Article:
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  1. #11

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    Quote Originally Posted by Hatchetman View Post
    When using the original 828 film, the film advance mechanism works like a charm. That little lever catches the single perforation. The window is only used to tell you what frame you are on. A lot of things about this camera are really cool actually. The 828 roll is tiny so you could make a smaller camera, yet because no sprocket holes, the negative is bigger by maybe 20%!
    828, 28x40 frame size - 1120 mm2

    35mm, 24x36 frame size - 920mm2

    IIRC, eliminating the waste area of the sprocket holes was one of the selling points of 828. Also IIRC, the film and backing from 126 cartridges could be spooled onto 828 rolls. I last saw 828 for sale in the mid 1970s. The art-decoish Bantam 35 RF was one of the all-time coolest cameras ever made IMO.

  2. #12
    MattKing's Avatar
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    My Dad shot a majority of our family photos on Kodachrome using his Bantam RF: http://kodak.3106.net/index.php?p=209&cam=1288
    Matt

    “Photography is a complex and fluid medium, and its many factors are not applied in simple sequence. Rather, the process may be likened to the art of the juggler in keeping many balls in the air at one time!”

    Ansel Adams, from the introduction to The Negative - The New Ansel Adams Photography Series / Book 2

  3. #13
    Newt_on_Swings's Avatar
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    I always thought the bantam and bullet cameras looked great. Awesome designs that still hold on even today. I wish i could offer advice or tips but i am unfamiliar with the film format, Good luck with your project!

  4. #14

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    Dec 2012
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    I've used this exact camera a lot over the past year or so. Reuse old paper and spools with BW traffic film and sliced color film. Color takes more work. I set up a work flow like this. For color, I have a cheap plastic box camera that takes 120, I've inserted an Exacto #11 blade imbedded in a small balsa wood bridge in the film plane. The tip of the blade slightly depresses the backing plate. Load film getting it started in the slice. Close camera and wind. From here it's the same as BW. I have a yardstick with markers for the film length, so I can cut it to length. A piece of tape serves. a corresponding marker on the backing paper. Measure film, cut, Tape to paper-It's been unrolled and clipped to the edge of the table so I can quickly apply the new film, pick it up and re-roll. The whole process for BW takes only a minute or two. To process color, I remove the film and put it in a reload cartridge for 35mm. Let them know what it is and no problem getting it developed at the drug store. There is a online tutorial on cleaning and assembling that shutter and setting infinity. I went through it a few months ago. it s was fairly easy. The lens on these is very sharp. I need to replace the leatherette on the front of mine. It's a nice small camera, looks great and takes good pictures.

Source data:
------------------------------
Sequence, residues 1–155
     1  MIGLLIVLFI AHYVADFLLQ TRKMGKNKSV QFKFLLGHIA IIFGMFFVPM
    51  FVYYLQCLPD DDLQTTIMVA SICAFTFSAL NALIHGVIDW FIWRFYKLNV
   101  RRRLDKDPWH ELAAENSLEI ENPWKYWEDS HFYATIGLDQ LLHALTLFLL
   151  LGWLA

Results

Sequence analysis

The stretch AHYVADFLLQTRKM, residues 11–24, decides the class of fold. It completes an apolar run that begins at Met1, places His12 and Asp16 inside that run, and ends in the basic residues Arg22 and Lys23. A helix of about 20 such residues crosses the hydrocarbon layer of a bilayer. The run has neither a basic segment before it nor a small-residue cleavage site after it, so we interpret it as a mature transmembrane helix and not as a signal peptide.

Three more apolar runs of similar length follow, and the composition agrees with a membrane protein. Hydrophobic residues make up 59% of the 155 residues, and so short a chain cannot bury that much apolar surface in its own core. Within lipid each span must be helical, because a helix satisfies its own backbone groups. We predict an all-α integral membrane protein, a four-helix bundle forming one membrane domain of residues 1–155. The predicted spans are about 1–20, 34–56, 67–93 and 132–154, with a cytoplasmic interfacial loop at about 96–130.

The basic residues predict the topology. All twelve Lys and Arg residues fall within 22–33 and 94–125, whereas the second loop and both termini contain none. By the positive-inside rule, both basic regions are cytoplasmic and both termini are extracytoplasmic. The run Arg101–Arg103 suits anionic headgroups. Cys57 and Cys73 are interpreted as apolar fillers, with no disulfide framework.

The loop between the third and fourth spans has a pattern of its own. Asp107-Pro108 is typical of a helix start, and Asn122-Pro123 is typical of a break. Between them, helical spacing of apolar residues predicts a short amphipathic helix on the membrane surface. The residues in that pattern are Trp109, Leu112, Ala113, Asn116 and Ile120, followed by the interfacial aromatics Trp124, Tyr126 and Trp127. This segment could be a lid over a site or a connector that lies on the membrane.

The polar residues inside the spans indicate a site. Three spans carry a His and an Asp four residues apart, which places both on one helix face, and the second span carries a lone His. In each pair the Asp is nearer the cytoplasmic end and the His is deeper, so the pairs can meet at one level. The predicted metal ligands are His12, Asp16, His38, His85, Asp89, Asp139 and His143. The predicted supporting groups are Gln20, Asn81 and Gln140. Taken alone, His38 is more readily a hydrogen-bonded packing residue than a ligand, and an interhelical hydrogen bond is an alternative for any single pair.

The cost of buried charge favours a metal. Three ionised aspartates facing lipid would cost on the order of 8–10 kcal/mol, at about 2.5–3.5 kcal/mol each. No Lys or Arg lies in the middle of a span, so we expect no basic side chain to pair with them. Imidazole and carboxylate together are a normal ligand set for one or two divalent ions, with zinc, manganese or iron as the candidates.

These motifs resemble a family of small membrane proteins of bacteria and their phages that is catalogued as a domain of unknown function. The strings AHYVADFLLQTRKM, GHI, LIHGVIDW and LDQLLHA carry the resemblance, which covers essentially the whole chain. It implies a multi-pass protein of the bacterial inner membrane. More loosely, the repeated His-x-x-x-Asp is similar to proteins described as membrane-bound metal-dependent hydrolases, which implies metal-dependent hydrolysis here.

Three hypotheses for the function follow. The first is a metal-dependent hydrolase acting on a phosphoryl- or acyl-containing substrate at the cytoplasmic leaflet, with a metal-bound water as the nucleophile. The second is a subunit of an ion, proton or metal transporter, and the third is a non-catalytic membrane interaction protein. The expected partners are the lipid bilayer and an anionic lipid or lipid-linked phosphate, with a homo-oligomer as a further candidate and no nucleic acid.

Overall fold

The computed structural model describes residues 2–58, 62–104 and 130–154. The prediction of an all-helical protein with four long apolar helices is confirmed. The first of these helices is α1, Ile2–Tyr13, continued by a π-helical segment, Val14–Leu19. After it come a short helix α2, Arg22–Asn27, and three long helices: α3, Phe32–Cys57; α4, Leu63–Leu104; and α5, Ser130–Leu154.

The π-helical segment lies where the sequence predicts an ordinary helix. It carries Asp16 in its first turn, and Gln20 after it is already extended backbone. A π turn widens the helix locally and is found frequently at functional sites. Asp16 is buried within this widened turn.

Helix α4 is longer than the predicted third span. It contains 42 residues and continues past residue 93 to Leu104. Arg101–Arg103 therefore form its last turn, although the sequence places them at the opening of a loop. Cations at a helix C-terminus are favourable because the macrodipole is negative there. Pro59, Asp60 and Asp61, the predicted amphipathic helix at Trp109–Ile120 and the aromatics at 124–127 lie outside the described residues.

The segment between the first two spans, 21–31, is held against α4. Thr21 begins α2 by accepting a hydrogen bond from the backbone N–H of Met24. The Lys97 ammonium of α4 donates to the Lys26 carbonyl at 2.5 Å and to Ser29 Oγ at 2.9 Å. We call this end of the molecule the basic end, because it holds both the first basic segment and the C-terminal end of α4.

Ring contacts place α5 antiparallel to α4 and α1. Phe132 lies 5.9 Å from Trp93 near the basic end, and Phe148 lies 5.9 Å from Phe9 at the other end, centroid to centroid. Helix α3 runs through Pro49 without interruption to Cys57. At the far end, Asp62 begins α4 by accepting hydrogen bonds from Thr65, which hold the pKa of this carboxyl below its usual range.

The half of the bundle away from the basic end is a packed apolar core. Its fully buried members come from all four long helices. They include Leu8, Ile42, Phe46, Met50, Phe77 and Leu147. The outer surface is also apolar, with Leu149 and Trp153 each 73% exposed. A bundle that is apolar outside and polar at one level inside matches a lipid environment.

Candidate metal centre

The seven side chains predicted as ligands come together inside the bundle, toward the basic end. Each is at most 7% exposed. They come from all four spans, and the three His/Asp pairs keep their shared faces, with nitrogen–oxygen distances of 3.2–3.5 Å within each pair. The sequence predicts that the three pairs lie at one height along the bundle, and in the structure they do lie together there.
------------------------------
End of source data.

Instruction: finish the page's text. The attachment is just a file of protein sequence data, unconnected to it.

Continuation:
5. #15
    micwag2's Avatar
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    I also have a Bantam, but i need spools and the bellows needs attention. Still trying to source a new bellows.

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